Her own opponents hesitated as she approached, still torn between duty and fear. They glanced one last time at the other battle, then at

the captives to their right.  That second was all the delay needed to bring one of them to death, as Zea’s curved saber blade slashed across his stomach, flipping blood into an arc across the sand.  The bandit fell forward, hands gripping his guts as they leaked onto the sand.  Zea immediately moved into the area he had occupied, taking the battle to the enemy.

Zea planted her foot in the soft sand, and twisted her body tightly.  In her other hand, her ocera, a miniature version of the gnome saber she wielded in her other hand, with the cutting edge on the inside of the weapon, caught the other bandit’s blade and twisted. It wasn’t enough to disarm him, but it was enough to let her saber slip in under his guard, and slice into his thigh.  He grunted and swung again, slashing ineffectively at her smaller form.

The third bandit slashed at Zea with a long dagger, scoring a cut on her back as she moved out of his line.  A soft popping sound behind him, barely audible, signaled the arrival of the summoned Spirit Zea had called at the start of the fight.  A ghostly white wolf stood for only half a moment in the warm sand, orienting itself to the need that had summoned it. Then, it immediately leapt onto the back of the second bandit, savagely tearing at his neck.  Face down on the beach sand, the bandit had little leverage to move the savage beast from his back.  He rolled over in the sand, tossing the animal to the side, but before he could recover his wits, the beast attacked again.  In seconds, his life was over, bled out on the sand like his compatriot earlier.  The wolf shook its head savagely once and then eyed the other bandit moving in front of Zea.  Its powerful legs coiled under itself, it moved forward to engage.  Suddenly, a loud “snick” sounded, and a crossbow quarrel blossomed in the beast’s white chest. A second one followed a moment later, fired from a bearded bandit guarding the women. No blood appeared from the spirit wolf, but it slowed, then stopped, and wavered

unsteadily. Then, the beast fell to the sand and disappeared, the spell dissipated by the damage taken.

Zea warily circled her last opponent.  From the corner of her eye, she saw one of the bandits reloading his crossbow, struggling to lock the arm in place.  The soft footing of the beach sand made it difficult to get purchase and leverage for the feat.  A second bandit was shouting to the others, and struggling to push the boat further into the surf.  Zea moved around on the sand, feinting with her saber and then defending with her ocera.  Her small size gave her an advantage, she knew.  She was a smaller target and thus harder to hit.  To her, everyone else was a large target, and relatively easy to find opening and vital areas on.  Circling again, she put the bandit between her and the shore boat, in case the other bandit managed to load and aim his crossbow.  It wouldn’t do to be shot in the back by one while being skewered on the blade of another. 

Her opponent attacked, pressing forward after her feint, thinking he saw an opening.  Zea parried easily, sweeping past his guard and stepping forward.  He lunged past, over her head literally, as she darted through the opening to his side.  With a back hand, she sliced at his calf with her ocera, the inside sharpened edge of the reverse saber slicing into his muscles and tendons.  He fell with a scream, leg muscles severed to the bone.  He would not be rising again, forever. She knew from experience that the man would bleed out in seconds from the severed artery in his leg.  Dismissing him as a threat, she moved forward towards the boats with the hostages.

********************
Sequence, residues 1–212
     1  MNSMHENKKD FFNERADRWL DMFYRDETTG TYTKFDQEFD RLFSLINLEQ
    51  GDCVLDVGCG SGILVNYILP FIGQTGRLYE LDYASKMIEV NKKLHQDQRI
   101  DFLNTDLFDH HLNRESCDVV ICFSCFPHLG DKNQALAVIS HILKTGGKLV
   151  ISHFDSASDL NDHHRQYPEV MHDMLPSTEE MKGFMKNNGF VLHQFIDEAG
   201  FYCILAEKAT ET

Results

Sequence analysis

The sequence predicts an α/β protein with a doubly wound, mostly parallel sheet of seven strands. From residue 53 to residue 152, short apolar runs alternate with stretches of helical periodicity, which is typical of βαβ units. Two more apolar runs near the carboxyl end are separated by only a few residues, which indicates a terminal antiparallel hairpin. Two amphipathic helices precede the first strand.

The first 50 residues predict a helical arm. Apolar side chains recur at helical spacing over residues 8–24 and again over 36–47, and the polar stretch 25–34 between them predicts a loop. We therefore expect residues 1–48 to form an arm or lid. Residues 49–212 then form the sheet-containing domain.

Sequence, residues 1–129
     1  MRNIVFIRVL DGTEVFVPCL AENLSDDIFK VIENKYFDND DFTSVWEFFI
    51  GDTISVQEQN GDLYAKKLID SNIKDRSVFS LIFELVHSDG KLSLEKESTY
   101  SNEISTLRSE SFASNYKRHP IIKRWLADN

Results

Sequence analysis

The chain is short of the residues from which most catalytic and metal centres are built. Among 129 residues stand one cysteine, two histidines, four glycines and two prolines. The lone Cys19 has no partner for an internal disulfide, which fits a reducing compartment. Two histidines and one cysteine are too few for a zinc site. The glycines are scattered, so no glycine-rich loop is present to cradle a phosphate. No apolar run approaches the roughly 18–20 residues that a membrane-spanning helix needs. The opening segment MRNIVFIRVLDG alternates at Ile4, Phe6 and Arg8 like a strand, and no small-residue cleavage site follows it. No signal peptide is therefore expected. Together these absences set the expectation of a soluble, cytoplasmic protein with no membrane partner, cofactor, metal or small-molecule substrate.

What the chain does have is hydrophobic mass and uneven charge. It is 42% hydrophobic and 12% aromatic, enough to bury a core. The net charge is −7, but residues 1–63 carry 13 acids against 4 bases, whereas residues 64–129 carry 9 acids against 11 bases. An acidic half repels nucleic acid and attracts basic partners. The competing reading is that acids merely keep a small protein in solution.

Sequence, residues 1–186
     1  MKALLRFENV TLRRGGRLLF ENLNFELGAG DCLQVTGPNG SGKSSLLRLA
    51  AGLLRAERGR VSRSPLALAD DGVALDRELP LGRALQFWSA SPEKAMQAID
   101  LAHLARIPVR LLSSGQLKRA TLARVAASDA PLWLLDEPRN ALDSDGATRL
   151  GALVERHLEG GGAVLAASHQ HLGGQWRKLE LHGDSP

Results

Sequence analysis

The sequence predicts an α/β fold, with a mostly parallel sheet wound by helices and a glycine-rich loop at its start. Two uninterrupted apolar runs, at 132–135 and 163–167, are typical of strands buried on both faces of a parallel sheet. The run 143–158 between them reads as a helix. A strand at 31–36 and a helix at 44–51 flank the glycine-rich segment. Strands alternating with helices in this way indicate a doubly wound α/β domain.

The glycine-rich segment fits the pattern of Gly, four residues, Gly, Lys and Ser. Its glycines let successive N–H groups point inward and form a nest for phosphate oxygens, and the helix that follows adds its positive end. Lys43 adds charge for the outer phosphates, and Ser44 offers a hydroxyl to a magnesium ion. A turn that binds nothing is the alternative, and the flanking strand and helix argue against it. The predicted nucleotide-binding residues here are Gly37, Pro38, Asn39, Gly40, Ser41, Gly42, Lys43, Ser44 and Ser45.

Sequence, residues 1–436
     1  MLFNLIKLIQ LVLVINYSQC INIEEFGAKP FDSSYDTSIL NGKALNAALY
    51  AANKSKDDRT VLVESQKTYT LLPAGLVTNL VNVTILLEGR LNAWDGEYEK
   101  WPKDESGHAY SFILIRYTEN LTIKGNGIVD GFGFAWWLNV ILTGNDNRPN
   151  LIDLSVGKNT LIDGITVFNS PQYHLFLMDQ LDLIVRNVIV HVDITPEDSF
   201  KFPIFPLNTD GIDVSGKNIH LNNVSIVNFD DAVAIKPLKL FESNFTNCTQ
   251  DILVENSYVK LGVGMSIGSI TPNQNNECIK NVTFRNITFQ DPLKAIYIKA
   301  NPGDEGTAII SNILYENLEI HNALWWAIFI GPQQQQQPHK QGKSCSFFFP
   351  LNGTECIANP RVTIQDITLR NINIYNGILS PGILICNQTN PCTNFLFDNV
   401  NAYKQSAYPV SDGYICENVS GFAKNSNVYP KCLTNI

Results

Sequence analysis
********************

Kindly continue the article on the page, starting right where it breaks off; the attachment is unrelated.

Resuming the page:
Mud shouted, and Zea turned to see him beating back his two opponents.  Their sabers made harsh ringing sounds as Mud’s sweeping blows beat them back.  The bandits were tiring already, much of their energy spent merely absorbing the tremendous blows being taken by their blades.  Mud swung through them again. Then, almost impossibly quick,

reversed his blade arc and brought it back through.  The look of surprise on the bearded face of his opponent was frozen in time as the edge of Mud’s huge sword severed the man’s head from his body.  It hit the sand seconds before the bandits own body fell nearby. 

The crossbowman succeeded in arming his weapon, and fired at Mud, the larger target.  The bolt buried itself into Mud’s side, below his chest.  Just the fletchings remained outside, caught on the strips of leather in Mud’s armor. Mud grunted in surprise, and his last opponent took the opportunity to stab with his saber towards the big man.  Mud swung his sword and caught the blade, blocking it downwards, where it slid into his massive thighs and buried itself.  Staggered, Mud screamed in pain and swung his fists upwards, heavy sword hilt catching his foe under the chin, lifting him off his feet and knocking him backwards into the sand.  The bandit lay there crumpled, jaw broken, blood draining from his mouth.

“Hold!”  The bandit in the boat shouted. “Hold or I kill the maidens”. To emphasize his point, he pointed a loaded crossbow towards the women in the boat.  “I will kill her, and the other, if need be. I really need only save one for payment.” Zea gave him credit for tactics, and knowing that his remaining crew was woefully outclassed in a fight.  She credited him with being the captain of the party, if not worthy of a ship.